It’s intrigues like this—and the sordid, compromised nature of nearly all of the characters you’ll encounter—that makes The Witcher 3’s missions feel more like small feature films, and it’s the way Geralt comports himself in each of these that determines how much he reflects you. You won’t be able to shift Geralt’s ingrained dispositions, but you can influence them in interesting ways.

The Witcher 3 Is Long

You’re going to be playing this game for a very long time. The main quests are long and winding, and sometimes you’ll have several running side-by-side. You might be tempted to burn through the major ones when you hit White Orchard but don’t: be careful to explore, be sure to collect resources (mainly crafting and potion supplies) and take the time to understand why the Northern Realms are so crappy for the people living there.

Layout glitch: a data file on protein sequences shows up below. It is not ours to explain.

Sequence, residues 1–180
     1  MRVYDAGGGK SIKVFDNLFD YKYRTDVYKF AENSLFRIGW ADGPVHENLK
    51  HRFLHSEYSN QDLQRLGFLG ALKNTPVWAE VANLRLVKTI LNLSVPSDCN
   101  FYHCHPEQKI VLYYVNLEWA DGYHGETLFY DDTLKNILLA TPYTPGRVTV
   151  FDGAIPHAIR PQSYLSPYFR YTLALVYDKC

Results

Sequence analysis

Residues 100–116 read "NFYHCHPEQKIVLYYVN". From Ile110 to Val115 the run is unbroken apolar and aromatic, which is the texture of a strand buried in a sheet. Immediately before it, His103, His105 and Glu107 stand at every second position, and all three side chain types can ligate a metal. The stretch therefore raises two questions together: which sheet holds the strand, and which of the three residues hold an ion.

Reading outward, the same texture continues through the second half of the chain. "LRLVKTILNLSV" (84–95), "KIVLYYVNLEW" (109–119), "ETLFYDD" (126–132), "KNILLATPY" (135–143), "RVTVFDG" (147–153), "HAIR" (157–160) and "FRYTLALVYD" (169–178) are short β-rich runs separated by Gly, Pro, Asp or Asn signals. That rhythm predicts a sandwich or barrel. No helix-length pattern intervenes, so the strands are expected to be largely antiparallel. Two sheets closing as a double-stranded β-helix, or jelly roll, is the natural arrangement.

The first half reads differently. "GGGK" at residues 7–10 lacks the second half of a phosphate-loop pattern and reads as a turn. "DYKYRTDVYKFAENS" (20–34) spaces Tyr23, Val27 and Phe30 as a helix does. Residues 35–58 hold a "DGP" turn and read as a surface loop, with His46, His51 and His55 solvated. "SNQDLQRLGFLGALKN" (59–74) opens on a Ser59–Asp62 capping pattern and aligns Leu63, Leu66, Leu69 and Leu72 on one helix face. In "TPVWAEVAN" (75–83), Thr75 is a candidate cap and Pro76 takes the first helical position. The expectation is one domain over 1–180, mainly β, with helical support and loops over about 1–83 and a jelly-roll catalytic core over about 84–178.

This is a game meant to be played slowly and savoured, and if you do so you’ll find that later on, when you really need potions and crafting supplies, you’ll have them because you spent the time getting to know your world. Your carry weight is surprisingly huge compared to most other recent RPGs, so pick everything up and worry about your load later (no need to carry around dozens of mugs, though).

The way quests are handled is charitable: while long, you can dip in and out at will. That means if you’re having difficulty with a tough enemy you can leave, start a new quest, and revisit the quest at that point later on. This probably doesn’t apply to the deepest of dungeons (you’ll need to make your way back!) but overall, The Witcher wants you to be the judge of how best to carry out your adventure, and there are surprisingly few difficulty spikes in a game that, let’s face it, will be pretty tough for non-RPG players at first. The Witcher 3 is most rewarding when you take the time to let the finer details sink in.


Shaun is PC Gamer’s Australian Editor. He loves masochistic platformers but lacks the skill and grace to complete them. He has four broken keyboards hidden under his desk, filed between an emergency six-pack of Reschs and five years worth of XXL promotional t-shirts. He stares out the window a lot.